UFF Remains Optimistic
Yesterday, USF System President Judy Genshaft sent an email to all "USF Faculty and Staff" stating that "it now looks as though we are moving to impasse proceedings." UFF was surprised and disappointed by this statement because the interests of the UFF USF employees and the university as a whole would best be served by the ratification of a new and equitable contract.
Here is the situation. The current contract, the 2010 - 2013 Collective Bargaining Agreement, was supposed to be replaced by a successor contract by August of last year. Unfortunately, except for rapid agreement on a few isolated items, the USF Administration did not come to the table until last fall. Since then, both sides have exchanged proposals. These have included language on tenure and promotion to assignments to sabbaticals to layoffs to sick leave to summer school salaries to raises, and others. The contract governs the terms and conditions of employment, of which salaries are one part, and the union has an obligation to take all these contractual issues seriously. And UFF USF Chief Negotiator Robert Welker told the Oracle last week, "I remain optimistic that an agreement can be reached."
President Genshaft's use of the word "impasse" has legal significance. In bargaining a contract for an institution like USF, one side may send a Letter of Impasse to the Public Employees Relations Commission (PERC) requesting that a Special Master hear both sides and recommend a compromise. The two sides then settle on a Special Master, who hears both sides and proposes a compromise. If both sides agree to the compromise, that settles the matter. If not, the issue goes to the "legislative body" of the public agency in question, which then may impose a compromise, which then must be ratified by the UFF USF employees and by the USF Board of Trustees. Naturally, there are a lot of legal details, but President Genshaft is correct in asserting that all this would take time.
President Genshaft's letter focused on salaries, a subject very much on the minds of the UFF USF Bargaining Team, all of whom are UFF USF employees. As President Genshaft mentioned, the USF Administration's last proposal included a base salary raise consisting of a 2.0 % merit raise this year and a 1.5 % merit raise next year, together with up to 1.0 % each year in discretionary raises. Compounded, that's up to almost 5.58 % over two years. But as observed in the previous Biweekly, the median of overall raises tend to more closely track merit raises alone, so it may be more appropriate to look at the likely effect of the two merit raises, which would compound at 3.53 % over two years.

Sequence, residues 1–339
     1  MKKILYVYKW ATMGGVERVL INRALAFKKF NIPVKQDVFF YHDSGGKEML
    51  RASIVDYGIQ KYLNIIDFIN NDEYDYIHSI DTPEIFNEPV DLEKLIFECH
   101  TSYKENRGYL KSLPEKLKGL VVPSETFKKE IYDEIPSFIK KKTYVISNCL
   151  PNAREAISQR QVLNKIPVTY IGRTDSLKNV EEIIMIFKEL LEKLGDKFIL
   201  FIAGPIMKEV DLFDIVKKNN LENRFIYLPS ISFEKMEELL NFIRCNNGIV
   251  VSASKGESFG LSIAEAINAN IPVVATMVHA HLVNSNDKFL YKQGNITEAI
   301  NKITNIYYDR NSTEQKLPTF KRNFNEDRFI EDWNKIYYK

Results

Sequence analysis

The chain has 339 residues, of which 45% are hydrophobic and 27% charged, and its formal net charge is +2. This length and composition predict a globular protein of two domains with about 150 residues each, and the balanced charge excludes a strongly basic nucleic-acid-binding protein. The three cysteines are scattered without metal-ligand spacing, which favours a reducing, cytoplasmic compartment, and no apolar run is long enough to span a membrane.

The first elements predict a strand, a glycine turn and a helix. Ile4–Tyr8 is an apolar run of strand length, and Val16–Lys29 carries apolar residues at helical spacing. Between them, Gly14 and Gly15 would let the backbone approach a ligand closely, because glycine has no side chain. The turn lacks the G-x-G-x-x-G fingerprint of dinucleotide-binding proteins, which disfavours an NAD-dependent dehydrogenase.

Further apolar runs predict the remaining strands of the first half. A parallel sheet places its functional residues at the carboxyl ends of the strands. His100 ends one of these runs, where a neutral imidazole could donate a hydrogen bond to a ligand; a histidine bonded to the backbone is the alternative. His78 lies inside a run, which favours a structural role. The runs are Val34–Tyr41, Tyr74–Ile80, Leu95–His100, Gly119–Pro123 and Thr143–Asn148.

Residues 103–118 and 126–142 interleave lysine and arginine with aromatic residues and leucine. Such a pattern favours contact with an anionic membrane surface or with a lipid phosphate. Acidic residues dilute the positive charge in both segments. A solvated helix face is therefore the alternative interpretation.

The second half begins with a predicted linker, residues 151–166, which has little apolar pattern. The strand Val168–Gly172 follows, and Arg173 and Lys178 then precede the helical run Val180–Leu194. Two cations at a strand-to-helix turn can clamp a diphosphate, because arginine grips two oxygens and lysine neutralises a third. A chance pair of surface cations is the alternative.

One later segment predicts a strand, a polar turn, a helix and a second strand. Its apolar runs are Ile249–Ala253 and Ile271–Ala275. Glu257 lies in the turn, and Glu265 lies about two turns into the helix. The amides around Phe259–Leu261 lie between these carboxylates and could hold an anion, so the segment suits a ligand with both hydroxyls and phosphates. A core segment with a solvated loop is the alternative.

There were no merit raises last year, which means that the most substantial raise last year for many faculty was Governor Scott's $ 1,000+. Considering President Genshaft's concern about this long dry period with no contractual raises, we may suggest that she instruct the USF Administration to propose that raises bargained in the new contract be retroactive to August 2013.
The UFF USF Bargaining Team had been encouraged by President Genshaft's public commitment to make "... available $8 million for performance or merit-based increases to base salaries effective January 1st." With a $ 200 million payroll, that's a 4 % increase. Over one year. That was a positive note, and while it has been five months, we remain optimistic that that spirit will return.
At each UFF USF Chapter Meeting, our Chief Negotiator makes a report on bargaining. All UFF USF employees, UFF members and otherwise, are invited to attend. The next meeting is on Friday, April 4, at 12 noon. There will be soda pop, sandwiches, and chips.